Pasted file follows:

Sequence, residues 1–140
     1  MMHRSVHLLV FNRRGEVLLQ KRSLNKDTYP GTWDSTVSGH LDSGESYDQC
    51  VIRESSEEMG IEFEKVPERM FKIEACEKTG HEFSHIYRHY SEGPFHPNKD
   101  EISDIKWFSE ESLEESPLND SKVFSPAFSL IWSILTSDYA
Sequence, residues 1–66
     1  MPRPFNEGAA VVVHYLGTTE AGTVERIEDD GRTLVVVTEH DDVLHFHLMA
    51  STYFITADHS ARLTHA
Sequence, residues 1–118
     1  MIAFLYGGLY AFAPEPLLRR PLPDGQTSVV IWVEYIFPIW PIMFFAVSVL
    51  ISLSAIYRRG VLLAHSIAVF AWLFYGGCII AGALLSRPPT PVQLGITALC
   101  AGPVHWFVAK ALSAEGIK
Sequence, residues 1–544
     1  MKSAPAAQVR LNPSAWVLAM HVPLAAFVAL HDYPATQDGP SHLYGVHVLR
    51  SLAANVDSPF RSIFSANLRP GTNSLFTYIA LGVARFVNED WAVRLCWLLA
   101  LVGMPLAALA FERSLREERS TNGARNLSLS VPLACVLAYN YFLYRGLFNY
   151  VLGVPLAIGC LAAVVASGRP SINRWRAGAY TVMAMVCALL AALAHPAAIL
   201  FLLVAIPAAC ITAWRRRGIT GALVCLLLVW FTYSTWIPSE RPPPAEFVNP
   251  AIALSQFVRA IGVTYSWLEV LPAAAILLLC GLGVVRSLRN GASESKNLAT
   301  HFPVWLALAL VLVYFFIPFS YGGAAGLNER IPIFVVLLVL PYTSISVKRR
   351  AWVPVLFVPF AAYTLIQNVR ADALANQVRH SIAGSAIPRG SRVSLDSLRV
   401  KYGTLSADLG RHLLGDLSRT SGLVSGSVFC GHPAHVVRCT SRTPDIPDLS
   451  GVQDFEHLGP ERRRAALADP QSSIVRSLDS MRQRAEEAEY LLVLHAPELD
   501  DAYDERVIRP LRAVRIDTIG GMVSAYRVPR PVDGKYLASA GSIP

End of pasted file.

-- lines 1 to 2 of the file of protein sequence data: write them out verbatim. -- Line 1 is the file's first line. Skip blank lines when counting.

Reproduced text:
Sequence, residues 1–140
     1  MMHRSVHLLV FNRRGEVLLQ KRSLNKDTYP GTWDSTVSGH LDSGESYDQC